Public Safety Lifeline Volunteer Award Winners 2018
Pictured above (L-R): Dave Merritt (Search and Rescue), Anna Spray (Andrew Spray’s Daughter, winner of the Lifetime Achievement), Larry Joe (Emergency Radio Communications), Brian Brinkhurst (Road Rescue), Nicole and Nick Tarasiuk (husband and daughter of Babs Tarasiuk, winner of PepAir), Carolynne Miller (Emergency Support services), Honourable Minister Mike Farnworth, Minister of Public Safety and Solicitor General and Parliamentary Secretary for Emergency Preparedness, Jennifer Rice.
Carolynne Miller - Emergency Support Services
Volunteering and giving back was encouraged and demonstrated by Carolynne's family. She grew up in Hastings East, Vancouver, graduating from Britannia Secondary, receiving her Bachelor of Education from UBC and her Master of Education in Teaching from Gonzaga. As an educator, she taught in Abbotsford, Whitehorse, Melbourne and Kamloops. During her 35 years in the classroom, Carolynne taught Grades K-12, retiring from Sa-Hali Secondary in 1998. She has coached many school teams, worked on committees and served as Staff Rep. She has had the honour to be part of the Field Hockey Committee leading up to and working during the 1993 Canada Games and 2011 Western Canada Summer Games held in Kamloops. In her retirement years, Carolynne has kept up with education through the Retired Teachers Association where she serves as a back up to the Recording Secretary.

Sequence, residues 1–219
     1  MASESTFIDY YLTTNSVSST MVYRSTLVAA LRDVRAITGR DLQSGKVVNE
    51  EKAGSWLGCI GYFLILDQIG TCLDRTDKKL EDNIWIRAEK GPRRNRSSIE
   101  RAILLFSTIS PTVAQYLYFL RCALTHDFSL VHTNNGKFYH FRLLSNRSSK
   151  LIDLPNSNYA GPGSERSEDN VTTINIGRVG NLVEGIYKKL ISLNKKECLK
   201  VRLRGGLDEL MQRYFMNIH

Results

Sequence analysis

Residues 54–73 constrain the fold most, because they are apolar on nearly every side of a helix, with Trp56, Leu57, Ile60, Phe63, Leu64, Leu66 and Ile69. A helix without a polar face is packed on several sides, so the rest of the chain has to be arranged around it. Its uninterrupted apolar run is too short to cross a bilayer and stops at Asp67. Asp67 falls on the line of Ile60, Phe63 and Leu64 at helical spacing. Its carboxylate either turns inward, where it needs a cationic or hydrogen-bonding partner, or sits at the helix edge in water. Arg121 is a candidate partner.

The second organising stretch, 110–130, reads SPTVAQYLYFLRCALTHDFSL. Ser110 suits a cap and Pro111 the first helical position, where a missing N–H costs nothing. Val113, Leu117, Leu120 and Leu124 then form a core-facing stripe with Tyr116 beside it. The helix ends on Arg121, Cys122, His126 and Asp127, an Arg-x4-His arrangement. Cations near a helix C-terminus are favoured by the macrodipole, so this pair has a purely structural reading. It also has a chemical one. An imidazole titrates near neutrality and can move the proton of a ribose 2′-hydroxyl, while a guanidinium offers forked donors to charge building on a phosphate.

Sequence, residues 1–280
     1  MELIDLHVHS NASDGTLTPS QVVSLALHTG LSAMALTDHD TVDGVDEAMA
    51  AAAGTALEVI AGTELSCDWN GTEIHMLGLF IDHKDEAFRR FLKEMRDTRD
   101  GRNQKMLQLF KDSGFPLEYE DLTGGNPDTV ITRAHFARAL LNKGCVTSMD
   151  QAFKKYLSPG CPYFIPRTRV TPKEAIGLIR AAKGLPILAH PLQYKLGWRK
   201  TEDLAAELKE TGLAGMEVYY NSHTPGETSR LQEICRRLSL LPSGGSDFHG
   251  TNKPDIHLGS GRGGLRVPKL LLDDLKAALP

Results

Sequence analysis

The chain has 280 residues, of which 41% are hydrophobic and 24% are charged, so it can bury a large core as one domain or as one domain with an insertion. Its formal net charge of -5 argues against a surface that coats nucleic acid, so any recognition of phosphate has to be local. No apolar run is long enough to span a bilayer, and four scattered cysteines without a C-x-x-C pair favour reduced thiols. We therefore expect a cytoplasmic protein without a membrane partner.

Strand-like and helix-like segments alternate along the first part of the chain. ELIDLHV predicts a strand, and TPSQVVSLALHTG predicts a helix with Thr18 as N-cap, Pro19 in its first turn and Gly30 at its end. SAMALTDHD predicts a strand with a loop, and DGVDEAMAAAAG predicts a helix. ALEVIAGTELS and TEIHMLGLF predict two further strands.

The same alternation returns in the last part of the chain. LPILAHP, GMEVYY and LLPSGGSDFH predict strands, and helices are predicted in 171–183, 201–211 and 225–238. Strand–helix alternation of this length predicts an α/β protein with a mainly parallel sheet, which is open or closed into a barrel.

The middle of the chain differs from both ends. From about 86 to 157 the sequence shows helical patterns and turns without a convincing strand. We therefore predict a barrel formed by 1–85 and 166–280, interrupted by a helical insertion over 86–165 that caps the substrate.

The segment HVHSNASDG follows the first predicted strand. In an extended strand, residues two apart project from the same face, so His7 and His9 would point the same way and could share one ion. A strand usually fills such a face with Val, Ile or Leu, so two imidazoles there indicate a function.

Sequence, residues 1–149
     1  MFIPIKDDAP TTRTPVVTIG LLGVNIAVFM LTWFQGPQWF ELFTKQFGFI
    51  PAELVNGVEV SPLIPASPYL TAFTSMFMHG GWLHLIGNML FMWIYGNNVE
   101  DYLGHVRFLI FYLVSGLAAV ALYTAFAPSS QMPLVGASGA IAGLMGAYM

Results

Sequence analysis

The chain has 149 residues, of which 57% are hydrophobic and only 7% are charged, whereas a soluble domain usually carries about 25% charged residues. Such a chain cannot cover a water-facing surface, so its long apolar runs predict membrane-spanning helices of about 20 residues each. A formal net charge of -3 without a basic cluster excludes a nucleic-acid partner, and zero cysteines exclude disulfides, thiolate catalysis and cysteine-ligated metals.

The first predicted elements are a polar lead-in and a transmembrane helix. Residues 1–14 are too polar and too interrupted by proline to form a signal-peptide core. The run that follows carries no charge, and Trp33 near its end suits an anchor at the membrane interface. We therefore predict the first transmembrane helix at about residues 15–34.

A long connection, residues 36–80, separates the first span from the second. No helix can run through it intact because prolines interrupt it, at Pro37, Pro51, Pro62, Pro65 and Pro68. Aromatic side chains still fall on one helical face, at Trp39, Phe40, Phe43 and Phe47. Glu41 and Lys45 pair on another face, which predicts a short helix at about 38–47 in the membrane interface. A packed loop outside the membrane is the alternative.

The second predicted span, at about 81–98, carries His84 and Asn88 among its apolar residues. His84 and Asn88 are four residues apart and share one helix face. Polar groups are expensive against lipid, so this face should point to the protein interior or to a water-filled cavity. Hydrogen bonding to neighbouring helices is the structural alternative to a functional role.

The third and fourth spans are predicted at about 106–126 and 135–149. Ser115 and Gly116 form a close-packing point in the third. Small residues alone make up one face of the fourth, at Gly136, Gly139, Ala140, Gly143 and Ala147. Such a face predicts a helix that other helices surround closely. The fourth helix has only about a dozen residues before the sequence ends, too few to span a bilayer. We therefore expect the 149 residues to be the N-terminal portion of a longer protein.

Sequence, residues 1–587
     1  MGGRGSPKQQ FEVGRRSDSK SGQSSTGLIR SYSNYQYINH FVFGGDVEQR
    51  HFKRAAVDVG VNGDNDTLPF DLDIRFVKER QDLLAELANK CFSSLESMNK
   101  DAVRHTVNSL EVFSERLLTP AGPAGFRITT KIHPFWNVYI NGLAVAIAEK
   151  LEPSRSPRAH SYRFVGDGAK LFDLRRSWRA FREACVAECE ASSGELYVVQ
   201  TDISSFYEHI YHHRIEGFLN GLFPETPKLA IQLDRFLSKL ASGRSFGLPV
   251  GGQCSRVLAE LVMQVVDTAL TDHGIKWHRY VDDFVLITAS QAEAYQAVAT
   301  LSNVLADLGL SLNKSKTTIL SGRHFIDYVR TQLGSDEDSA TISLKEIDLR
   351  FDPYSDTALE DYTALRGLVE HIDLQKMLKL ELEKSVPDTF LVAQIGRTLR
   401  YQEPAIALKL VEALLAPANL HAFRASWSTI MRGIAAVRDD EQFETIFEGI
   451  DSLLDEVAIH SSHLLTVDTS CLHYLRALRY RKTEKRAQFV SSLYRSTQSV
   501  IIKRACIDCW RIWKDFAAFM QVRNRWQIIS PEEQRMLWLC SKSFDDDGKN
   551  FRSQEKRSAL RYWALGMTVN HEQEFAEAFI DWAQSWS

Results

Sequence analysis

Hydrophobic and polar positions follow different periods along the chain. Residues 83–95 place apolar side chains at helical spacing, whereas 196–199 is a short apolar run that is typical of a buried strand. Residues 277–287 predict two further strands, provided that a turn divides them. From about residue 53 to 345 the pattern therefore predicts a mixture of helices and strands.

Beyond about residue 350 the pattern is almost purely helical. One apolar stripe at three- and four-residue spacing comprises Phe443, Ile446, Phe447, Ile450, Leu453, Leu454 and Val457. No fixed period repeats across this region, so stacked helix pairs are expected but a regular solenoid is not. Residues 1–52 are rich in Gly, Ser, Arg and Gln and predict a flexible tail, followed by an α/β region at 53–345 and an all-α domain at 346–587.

The 2003 Fire Season introduced Carolynne to ESS. After that fire season, she joined the Kamloops ESS team. In 2009, Kamloops hosted evacuees from Lillooet interface fires. During that time, she moved from Registration and Referrals to the Documentation Section and is now Documentation Chief. Along with another member of Kamloops ESS, Carolynne developed and presented two Documentation Workshops.